Cover image for Curiosa : celebrity relics, historical fossils, & other metamorphic rubbish
Title:
Curiosa : celebrity relics, historical fossils, & other metamorphic rubbish
Author:
Beneš, Barton Lidicé.
Personal Author:
Publication Information:
New York : Harry N. Abrams, [2002]

©2002
Physical Description:
131 pages : color illustrations ; 24 cm
Language:
English
ISBN:
9780810935372
Format :
Book

Available:*

Library
Call Number
Material Type
Home Location
Status
Central Library N6494.F6 B45 2002 Adult Non-Fiction Central Closed Stacks
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Summary

Summary

Benes imbues mundane objects with the mystical power of holy relics. This collection of his objects is provocative, disturbing and amusing. 110 illustrations.


Reviews 1

Publisher's Weekly Review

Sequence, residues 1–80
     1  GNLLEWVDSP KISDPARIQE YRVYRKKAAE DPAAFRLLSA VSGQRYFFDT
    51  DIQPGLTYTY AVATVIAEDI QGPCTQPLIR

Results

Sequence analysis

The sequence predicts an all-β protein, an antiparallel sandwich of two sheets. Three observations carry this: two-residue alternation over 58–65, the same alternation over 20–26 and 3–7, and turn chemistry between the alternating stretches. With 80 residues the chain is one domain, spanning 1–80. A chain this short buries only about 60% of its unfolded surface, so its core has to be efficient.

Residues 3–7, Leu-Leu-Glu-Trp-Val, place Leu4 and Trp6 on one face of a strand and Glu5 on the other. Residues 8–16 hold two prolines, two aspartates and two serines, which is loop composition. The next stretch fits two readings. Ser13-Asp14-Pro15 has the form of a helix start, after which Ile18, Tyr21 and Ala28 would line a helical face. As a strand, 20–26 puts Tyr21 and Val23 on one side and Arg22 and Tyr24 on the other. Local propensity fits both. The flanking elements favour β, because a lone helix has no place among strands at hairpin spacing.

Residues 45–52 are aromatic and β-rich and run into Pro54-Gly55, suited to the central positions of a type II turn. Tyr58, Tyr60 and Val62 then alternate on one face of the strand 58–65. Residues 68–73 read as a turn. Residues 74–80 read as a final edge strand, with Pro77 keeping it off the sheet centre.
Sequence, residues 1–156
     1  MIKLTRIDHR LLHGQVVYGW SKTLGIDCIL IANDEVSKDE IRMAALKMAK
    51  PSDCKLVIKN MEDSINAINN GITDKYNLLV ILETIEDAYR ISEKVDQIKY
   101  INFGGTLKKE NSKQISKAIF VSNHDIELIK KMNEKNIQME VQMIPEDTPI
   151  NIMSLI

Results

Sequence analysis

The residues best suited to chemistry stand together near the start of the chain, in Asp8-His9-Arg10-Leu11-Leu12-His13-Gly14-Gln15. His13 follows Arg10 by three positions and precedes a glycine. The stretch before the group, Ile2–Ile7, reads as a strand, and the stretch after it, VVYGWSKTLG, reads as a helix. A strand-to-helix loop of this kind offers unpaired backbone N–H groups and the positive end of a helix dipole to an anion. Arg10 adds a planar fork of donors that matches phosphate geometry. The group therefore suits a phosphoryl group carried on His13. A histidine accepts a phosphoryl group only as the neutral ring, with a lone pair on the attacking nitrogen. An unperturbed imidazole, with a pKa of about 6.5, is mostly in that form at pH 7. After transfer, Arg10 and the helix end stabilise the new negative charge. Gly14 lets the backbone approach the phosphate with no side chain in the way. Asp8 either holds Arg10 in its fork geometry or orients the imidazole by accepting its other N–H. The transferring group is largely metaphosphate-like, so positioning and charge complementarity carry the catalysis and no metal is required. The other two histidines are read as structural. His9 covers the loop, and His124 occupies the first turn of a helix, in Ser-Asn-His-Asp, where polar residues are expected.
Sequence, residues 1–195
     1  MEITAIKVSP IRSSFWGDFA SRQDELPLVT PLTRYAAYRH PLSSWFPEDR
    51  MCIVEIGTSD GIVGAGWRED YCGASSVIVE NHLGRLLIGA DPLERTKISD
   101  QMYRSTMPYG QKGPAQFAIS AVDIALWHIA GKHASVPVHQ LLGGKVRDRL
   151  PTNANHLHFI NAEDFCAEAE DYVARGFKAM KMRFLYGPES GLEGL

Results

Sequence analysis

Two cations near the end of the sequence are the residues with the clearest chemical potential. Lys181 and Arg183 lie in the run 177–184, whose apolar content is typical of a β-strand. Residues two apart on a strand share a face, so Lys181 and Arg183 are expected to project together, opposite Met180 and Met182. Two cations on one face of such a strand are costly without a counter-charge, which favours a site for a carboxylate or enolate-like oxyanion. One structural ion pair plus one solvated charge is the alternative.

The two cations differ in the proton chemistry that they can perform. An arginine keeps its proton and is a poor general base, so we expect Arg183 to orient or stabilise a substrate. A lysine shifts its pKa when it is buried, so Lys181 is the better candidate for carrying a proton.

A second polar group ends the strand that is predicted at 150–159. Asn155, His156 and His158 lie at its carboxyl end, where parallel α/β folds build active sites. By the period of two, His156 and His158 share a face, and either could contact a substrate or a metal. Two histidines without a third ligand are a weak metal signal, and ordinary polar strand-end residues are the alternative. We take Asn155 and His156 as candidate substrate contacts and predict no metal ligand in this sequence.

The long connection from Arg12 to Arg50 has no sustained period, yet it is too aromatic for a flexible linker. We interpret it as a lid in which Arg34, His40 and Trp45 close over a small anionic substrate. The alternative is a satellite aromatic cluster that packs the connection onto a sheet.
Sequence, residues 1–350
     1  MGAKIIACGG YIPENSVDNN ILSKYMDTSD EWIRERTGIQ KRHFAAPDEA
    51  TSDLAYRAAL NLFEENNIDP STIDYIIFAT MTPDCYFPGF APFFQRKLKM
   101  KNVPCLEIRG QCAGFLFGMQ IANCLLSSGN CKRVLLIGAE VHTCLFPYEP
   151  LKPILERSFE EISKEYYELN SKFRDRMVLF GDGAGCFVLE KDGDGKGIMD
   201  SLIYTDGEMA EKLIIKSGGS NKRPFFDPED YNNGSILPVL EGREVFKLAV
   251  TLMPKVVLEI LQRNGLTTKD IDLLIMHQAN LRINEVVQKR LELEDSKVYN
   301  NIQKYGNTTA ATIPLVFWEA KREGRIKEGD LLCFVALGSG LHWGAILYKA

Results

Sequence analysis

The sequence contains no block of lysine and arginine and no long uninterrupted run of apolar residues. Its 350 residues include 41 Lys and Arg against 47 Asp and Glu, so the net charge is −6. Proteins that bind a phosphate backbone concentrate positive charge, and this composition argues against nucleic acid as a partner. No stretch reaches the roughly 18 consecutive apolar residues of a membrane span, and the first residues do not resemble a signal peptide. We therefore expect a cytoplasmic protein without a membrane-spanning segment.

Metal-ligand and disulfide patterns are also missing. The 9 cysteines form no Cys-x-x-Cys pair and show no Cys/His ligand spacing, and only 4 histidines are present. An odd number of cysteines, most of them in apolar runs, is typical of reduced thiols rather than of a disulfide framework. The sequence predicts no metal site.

In the idiosyncratic tradition of Joseph Cornell and Ray Johnson, Benes has established his own school of art, one founded on obsessive assemblage. A born collector-"I have always been afraid of losing things"-Benes leaves no gallstone (see page 59 for Larry Hagman's) unturned in his acquisition of odd objets. The artist's fastidious catalogue recalls crime-scene investigations and Albertus Seba's Cabinet of Natural Curiosities. Whereas the 19th-century pharmacist recorded rare flora and fauna, Benes preserves the leavings of celebrity culture-Nancy Reagan's chocolate-souffl stained napkin, Bill Clinton's half-sucked throat lozenge, Roy Rogers's nasal douche. Macabre, witty and earnest, the book offers readers the guilty pleasure of supermarket tabloids and the brooding quirkiness of a modern-day Vanitas. The most mundane object-a desiccated cookie baked by Katharine Hepburn, for example-labeled and squared in its wooden cubbyhole, looks just like art, but also foretells decay. Leavening the reliquary's morbidity are anecdotes of stealthy acquisition-the artist surreptitiously pocketing Ed Koch's dinner fork, friends thieving a twig from Mao Tse-tung's broom, a postal worker retrieving a dead bird that flew into Elizabeth Taylor's window. The book itself, beautifully designed, promises to be a poignant keepsake for connoisseurs of the absurd. Warhol would have loved it; Benes has indexed a celluloid strip from Empire. And Berendt (Midnight in the Garden of Good and Evil) has contributed not only the introduction but also the aforementioned Rogers keepsake. 110 full-color illus. (Oct.) (c) Copyright PWxyz, LLC. All rights reserved


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